Rather, with amalgamations making their membership more diverse and fragmented, and hence poorly placed to monitor union decisions, union leadership has become a co-option game, marred only by turf wars between rival factions.

It is those sinecures that unionism's decline threatens. But Julia Gillard's agenda goes far beyond protecting factional fiefdoms. Rather, she has sought to give Labor a renewed union power base, with unique access to coercive and financial resources.

The coercive powers centre on Fair Work Australia: of the 11 full-time appointments Gillard made to FWA as workplace relations minister, nine have a union background. And those nine have performed to script, not merely in re-regulating the labour market but in failing in their statutory duty to hold unions such as Thomson's to account.

As for the financial resources, they centre on the industry super funds. Under the Fair Work Act, the funds have become default recipients of two-thirds of the compulsory savings collected by the super guarantee.

And they will be the largest beneficiaries of that guarantee's increase. With those moneys flowing in, by 2025 the industry funds will control some $1.5 trillion dollars in assets, exceeding Australia's present national income.

That wealth brings patronage opportunities on an unprecedented scale. True, they may have to be shared with those other relics, the employers' associations, who split the directorships with the unions.

But whatever their disagreements, unions and employers have united in opposing moves to fully align the funds' governance and disclosure standards, and those for unions and employers' associations more broadly, with those for public companies.

The predictable result is scandals such as that enveloping Bernie Riordan, Labor power-broker and national secretary of the Electrical Trades Union, over claims (that Riordan will vigorously defend) that he received $1.8 million in fees for serving on four boards connected with members' super funds, despite those funds' shockingly poor performance. And while government and unions could barely contain their outrage about executive remuneration, they have had nothing to say about making these directors, who manage their members' forced savings, as accountable as directors regulated under the corporations law.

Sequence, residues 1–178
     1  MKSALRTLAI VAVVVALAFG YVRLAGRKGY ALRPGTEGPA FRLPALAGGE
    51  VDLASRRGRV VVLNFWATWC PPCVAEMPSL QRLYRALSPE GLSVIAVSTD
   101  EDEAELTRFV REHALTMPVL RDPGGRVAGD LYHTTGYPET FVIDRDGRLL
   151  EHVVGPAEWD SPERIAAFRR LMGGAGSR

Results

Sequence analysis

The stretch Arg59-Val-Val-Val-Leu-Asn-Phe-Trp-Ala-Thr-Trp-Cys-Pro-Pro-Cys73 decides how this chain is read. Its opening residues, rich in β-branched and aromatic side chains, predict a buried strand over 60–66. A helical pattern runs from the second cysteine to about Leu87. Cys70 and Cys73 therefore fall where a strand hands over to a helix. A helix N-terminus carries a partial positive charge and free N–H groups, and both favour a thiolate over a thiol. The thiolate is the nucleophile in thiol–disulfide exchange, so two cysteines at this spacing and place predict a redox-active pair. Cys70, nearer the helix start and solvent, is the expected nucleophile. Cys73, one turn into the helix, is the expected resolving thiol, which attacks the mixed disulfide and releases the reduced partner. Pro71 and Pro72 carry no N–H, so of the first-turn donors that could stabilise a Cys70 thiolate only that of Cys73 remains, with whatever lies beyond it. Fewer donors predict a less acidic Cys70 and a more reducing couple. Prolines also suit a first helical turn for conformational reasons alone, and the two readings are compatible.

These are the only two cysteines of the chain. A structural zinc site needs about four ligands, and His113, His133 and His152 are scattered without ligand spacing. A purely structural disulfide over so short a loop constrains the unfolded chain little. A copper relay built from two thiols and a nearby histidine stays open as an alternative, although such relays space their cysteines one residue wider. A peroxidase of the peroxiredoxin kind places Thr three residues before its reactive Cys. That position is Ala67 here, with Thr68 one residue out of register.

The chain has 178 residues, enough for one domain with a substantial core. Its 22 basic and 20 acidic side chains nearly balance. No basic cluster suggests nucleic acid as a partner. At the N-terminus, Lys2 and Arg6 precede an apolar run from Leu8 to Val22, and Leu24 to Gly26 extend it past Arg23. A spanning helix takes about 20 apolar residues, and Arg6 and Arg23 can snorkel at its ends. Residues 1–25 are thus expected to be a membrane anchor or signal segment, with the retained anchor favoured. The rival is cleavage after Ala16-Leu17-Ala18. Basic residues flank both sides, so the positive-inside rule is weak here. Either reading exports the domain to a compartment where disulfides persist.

This then is the Gillard vision: ever more powerful unions controlling ever larger shares of national savings, but subject to fewer disclosure and governance requirements than the smallest listed entity.

What a resource for Labor to draw on in the future. And what a magnet for the sleaze buckets it could drag in its wake.


Tax exemption for Aussie ship owners

This is an understandable move but to have any effect, some way would have to be found to nobble the very Bolshie MUA. Their union is the main reason why nobody wants to crew ships with Australian seamen. They have very effectively done themnselves out of a lot of jobs

AUSTRALIAN companies that register a vessel in Australia will be exempted from company tax from July 2012.

Federal Transport Minister Anthony Albanese has described the reforms as "the most far-reaching overhaul of our shipping industry ever undertaken".